The defining moment of darkroom photo processing occurs in the tray of developer. In to this pungent liquid slides a white sheet of paper revealing no sign of infused light, or the anticipatory anxiety that wills its transformation. Seconds tick by before shapes and grayscale emerge. Form and detail often make an uncertain start, but eventually a semblance of that originally spied through the camera’s viewfinder appears in sharp relief.
The play tells the story of Robert Capa, the arguable father of photojournalism – or more precisely the Jewish exile couple who invented ‘American photojournalist Robert Capa’ as a disguise from behind which they could achieve better rates for both their work.
The cast of eight conjure the story Gerda Taro and her relationship with Endre Friedmann through fragmentary scenes, choreography and conceit. Enjoyable as these are, I spent a good portion of the 95 minute performance wondering if this dancing collage of grey and white, dreamy episodes and moments of fantasy could possibly coalesce. But as the conclusion approached, the subtle beauty and power of the whole revealed itself in a distilled moment to equal those for which Capa himself become so famous.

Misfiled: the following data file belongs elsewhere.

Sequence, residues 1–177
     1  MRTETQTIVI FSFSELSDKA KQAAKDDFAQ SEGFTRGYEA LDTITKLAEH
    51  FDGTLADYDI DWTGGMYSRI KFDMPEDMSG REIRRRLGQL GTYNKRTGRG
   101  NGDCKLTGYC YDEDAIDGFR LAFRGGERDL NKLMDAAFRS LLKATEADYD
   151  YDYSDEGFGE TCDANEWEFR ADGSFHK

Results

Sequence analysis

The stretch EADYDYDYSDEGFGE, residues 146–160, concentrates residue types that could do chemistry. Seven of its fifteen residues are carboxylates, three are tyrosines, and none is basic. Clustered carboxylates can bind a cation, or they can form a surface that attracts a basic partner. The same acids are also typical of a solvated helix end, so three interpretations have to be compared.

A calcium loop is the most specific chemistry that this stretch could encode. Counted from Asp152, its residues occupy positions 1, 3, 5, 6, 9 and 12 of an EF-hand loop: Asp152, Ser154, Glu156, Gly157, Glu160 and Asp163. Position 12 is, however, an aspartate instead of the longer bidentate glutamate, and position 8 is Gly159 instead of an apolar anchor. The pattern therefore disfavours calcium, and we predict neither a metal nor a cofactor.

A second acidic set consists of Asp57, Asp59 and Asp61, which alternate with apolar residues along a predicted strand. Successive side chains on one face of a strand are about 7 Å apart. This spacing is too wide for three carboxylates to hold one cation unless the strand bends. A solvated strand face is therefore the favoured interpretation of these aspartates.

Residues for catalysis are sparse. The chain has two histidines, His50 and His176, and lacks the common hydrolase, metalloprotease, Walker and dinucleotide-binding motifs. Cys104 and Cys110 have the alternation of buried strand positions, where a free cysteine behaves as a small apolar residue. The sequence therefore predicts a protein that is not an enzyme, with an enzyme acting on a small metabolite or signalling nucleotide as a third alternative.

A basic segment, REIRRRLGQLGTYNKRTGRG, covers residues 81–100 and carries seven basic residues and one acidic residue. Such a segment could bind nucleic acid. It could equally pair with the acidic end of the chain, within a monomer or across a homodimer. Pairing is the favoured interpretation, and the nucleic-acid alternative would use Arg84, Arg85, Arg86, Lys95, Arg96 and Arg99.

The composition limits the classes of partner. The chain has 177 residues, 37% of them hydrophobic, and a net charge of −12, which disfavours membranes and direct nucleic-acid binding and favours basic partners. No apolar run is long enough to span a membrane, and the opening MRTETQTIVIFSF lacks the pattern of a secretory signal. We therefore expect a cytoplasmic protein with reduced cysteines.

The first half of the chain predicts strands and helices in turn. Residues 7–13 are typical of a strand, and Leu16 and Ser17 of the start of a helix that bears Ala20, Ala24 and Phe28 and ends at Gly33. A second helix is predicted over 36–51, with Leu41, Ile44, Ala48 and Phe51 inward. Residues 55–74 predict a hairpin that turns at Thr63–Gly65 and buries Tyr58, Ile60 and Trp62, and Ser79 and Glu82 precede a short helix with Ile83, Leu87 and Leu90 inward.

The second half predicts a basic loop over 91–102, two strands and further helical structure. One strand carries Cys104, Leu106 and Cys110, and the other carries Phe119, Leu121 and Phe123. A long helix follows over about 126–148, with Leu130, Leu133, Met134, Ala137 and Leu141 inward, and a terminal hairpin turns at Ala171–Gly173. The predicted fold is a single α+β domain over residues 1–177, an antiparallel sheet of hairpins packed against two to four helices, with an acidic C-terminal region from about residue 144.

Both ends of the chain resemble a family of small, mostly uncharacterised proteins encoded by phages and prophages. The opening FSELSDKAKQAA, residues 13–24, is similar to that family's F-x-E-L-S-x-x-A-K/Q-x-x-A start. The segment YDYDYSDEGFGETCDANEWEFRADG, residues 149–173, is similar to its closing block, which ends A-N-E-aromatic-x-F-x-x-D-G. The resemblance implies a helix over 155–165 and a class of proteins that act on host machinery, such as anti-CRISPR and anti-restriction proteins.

Historical narrative supplies the play’s furniture, but its theme is identity and its capacity to be at once self-determined and rooted in our backgrounds. Capa, of course, was a figment from the outset, but there were plenty more. Neither Taro or Friedmann were observant Jews, yet heritage, and anti-semitism shaped their imaginations. And though they played instrumental roles in creating modern photojournalism with its apparently shocking veracity, both knew well how sometimes deceit is necessary to tell a powerful truth.
Issues of dispossession, identity and representation animate contemporary life every bit as much they did in the middle of the twentieth century. If TARO has a shortcoming it is that this continuum is not clearly signalled. That does not detract from the quality of this work, however, nor of the energetic and eminently capable cast.
Today, of course, few darkrooms remain, and the revolutionary impact of lone photographers framing our world view is subsumed by a tsunami of phone-captured snaps. A reminder of the human gaze behind every recorded image, however, is all the more impactful for focusing on a time when a single exposure could change the world.